Thumbnail Image

Panel 10. Paper 10.3: A Multi-layered Rural Settlement Resisting to Sustain the Rural Habitat: Gaziköy, Turkey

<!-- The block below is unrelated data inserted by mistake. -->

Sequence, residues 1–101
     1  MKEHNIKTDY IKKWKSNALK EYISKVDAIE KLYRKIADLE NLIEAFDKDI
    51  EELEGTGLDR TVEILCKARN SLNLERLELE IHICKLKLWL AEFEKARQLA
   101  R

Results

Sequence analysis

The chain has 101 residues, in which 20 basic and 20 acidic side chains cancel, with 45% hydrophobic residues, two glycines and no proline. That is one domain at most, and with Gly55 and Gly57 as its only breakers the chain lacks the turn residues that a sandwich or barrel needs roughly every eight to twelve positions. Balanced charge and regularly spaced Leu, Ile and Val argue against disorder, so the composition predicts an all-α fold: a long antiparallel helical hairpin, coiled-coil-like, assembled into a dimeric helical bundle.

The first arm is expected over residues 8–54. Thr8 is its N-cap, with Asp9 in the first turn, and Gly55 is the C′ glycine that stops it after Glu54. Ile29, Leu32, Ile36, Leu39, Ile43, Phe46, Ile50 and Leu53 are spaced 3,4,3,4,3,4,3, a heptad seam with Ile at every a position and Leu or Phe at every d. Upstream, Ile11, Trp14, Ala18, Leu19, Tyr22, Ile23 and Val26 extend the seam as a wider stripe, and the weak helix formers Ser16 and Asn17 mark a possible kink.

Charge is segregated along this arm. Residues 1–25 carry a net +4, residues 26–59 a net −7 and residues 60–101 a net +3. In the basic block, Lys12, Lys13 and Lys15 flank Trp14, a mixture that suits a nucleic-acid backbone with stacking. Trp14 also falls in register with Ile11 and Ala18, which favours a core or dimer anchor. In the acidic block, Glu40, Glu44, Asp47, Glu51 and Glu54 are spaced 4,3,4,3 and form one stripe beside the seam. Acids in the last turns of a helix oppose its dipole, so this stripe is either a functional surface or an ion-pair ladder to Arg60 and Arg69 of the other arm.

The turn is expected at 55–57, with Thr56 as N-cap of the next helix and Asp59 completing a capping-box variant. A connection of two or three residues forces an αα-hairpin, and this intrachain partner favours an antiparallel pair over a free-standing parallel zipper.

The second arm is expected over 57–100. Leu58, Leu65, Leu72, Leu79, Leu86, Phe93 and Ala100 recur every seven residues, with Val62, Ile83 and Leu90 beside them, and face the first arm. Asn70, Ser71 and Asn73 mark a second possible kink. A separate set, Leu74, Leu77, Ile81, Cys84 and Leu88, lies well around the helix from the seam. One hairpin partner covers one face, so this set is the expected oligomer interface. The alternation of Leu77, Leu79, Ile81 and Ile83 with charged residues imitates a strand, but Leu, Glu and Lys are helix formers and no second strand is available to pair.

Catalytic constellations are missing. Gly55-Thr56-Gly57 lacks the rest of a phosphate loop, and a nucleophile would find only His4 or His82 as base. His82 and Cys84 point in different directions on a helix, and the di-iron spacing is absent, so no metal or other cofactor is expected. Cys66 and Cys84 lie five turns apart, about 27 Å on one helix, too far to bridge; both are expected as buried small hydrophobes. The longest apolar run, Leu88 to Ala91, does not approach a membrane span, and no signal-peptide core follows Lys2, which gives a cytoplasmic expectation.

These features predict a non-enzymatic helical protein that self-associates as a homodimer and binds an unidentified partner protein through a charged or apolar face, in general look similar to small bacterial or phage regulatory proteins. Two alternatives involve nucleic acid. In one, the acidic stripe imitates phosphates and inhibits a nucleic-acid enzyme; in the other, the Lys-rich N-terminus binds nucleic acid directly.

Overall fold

The most important features of rural settlements are the fertile agricultural lands satisfying needs of people, the connections with the regional transportation network and proximity to natural resources such as water and fresh air. These features are important for the continuation of rural life and Gazikoy, which is known as Ganos in ancient period, has always been a rural settlement since antiquity because of them. Throughout time, Gaziköy (Ganos) in Thrace was inhabited by different cultures. The inhabitation in the village continued all through the Hellenistic, Roman, Byzantine and Ottoman periods. The Gaziköy (Ganos) which had a Rum (Ottoman-Greek) population in Ottoman period was subject to population exchange at the beginning of Turkish Republic; as a result of which the Turks living in Greece and Bulgaria were replaced with the Greeks living in Anatolia with the agreement between Turkey and Greece. Despite the change of population in early republican period, the rural life has always continued in Gaziköy, due to the fact that the land is very fertile. However, as there are archaeological remains in the area as a result of continuous inhabitancy, there are restrictions for new interventions. Villagers who deal with agricultural activities are not allowed to make any interventions to adapt the traditional houses and infrastructure. As a result of the lack of maintenance and repair, traditional buildings are being damaged in Gaziköy day by day. Although this situation forces the villagers to leave the village, the villagers resist to stay in the area due to continuity of agricultural activities. The problem of conservation in Gaziköy (Ganos) is to protect all layers of the multi-layered rural landscape while providing the continuity of the rural life. The responses provided to solve these problems focus on the preservation of both of archaeological remains and traditional buildings dating back to late 19th century, the continuation of rural life and agricultural production contrary to strict conservation policies emphasising only the preservation archaeological layer.